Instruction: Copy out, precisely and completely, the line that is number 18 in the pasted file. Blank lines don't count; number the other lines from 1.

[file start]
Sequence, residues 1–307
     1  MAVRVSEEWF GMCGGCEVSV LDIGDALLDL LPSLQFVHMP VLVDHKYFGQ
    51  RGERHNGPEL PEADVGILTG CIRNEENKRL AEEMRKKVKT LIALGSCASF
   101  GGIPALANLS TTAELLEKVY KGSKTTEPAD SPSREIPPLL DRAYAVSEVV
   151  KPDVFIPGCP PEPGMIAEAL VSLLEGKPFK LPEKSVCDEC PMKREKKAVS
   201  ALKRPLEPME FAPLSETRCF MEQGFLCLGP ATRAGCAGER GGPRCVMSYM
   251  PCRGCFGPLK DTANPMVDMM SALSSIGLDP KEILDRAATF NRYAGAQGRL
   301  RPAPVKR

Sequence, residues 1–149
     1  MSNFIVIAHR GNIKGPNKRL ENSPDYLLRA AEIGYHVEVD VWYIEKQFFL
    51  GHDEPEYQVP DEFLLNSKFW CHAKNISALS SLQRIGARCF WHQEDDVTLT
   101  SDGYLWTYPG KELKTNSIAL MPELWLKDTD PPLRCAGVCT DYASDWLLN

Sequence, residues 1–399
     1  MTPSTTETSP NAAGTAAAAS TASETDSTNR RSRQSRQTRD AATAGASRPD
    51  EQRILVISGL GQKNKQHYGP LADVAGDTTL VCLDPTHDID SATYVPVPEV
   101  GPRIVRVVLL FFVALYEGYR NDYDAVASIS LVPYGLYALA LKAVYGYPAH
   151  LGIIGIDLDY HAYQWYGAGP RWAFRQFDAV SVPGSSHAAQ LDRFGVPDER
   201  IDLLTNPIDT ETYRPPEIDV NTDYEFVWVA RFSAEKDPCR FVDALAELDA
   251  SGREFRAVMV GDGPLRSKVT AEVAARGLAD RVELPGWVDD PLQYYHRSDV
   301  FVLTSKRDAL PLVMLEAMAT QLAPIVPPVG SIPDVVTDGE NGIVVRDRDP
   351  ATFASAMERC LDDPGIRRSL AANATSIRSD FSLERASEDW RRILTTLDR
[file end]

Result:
   201  IDLLTNPIDT ETYRPPEIDV NTDYEFVWVA RFSAEKDPCR FVDALAELDA